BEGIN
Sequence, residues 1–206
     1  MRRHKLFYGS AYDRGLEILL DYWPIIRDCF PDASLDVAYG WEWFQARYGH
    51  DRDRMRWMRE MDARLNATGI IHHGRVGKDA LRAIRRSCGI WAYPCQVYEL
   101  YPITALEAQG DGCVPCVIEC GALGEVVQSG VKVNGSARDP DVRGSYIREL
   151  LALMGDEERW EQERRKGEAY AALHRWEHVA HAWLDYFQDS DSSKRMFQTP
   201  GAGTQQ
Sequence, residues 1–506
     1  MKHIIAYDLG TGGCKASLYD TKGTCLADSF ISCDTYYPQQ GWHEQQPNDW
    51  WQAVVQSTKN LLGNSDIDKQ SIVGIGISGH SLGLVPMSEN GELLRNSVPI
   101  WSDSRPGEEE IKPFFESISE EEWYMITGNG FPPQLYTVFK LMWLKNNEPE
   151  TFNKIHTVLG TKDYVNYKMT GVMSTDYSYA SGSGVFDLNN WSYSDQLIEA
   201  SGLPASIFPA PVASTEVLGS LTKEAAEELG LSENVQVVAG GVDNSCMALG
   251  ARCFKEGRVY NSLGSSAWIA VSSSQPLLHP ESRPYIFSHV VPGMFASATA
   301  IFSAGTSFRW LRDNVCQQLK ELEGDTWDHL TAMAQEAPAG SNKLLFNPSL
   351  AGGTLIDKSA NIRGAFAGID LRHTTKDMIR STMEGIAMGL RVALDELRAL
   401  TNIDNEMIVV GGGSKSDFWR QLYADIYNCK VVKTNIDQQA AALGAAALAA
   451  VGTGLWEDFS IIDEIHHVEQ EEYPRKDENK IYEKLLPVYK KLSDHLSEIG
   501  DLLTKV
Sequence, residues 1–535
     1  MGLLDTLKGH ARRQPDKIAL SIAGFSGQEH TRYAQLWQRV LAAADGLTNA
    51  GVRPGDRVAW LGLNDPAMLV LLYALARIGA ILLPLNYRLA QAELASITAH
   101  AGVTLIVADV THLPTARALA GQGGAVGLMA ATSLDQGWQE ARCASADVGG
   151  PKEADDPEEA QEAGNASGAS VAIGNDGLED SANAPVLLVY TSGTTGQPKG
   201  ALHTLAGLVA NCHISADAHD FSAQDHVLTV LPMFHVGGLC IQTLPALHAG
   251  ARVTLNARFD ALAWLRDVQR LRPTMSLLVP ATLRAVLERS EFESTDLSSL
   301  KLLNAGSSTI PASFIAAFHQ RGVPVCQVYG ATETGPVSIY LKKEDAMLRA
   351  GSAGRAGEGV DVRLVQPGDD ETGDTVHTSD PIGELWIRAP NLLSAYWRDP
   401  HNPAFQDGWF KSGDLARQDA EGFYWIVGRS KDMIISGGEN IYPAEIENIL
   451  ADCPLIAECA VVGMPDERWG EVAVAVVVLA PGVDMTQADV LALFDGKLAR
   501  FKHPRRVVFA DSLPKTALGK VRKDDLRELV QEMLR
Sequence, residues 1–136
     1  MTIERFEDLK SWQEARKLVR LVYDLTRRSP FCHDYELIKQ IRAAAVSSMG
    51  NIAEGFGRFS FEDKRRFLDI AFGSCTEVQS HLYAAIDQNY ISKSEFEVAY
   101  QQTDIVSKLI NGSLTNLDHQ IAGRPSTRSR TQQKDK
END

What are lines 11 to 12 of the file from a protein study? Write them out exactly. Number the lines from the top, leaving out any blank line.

   151  TFNKIHTVLG TKDYVNYKMT GVMSTDYSYA SGSGVFDLNN WSYSDQLIEA
   201  SGLPASIFPA PVASTEVLGS LTKEAAEELG LSENVQVVAG GVDNSCMALG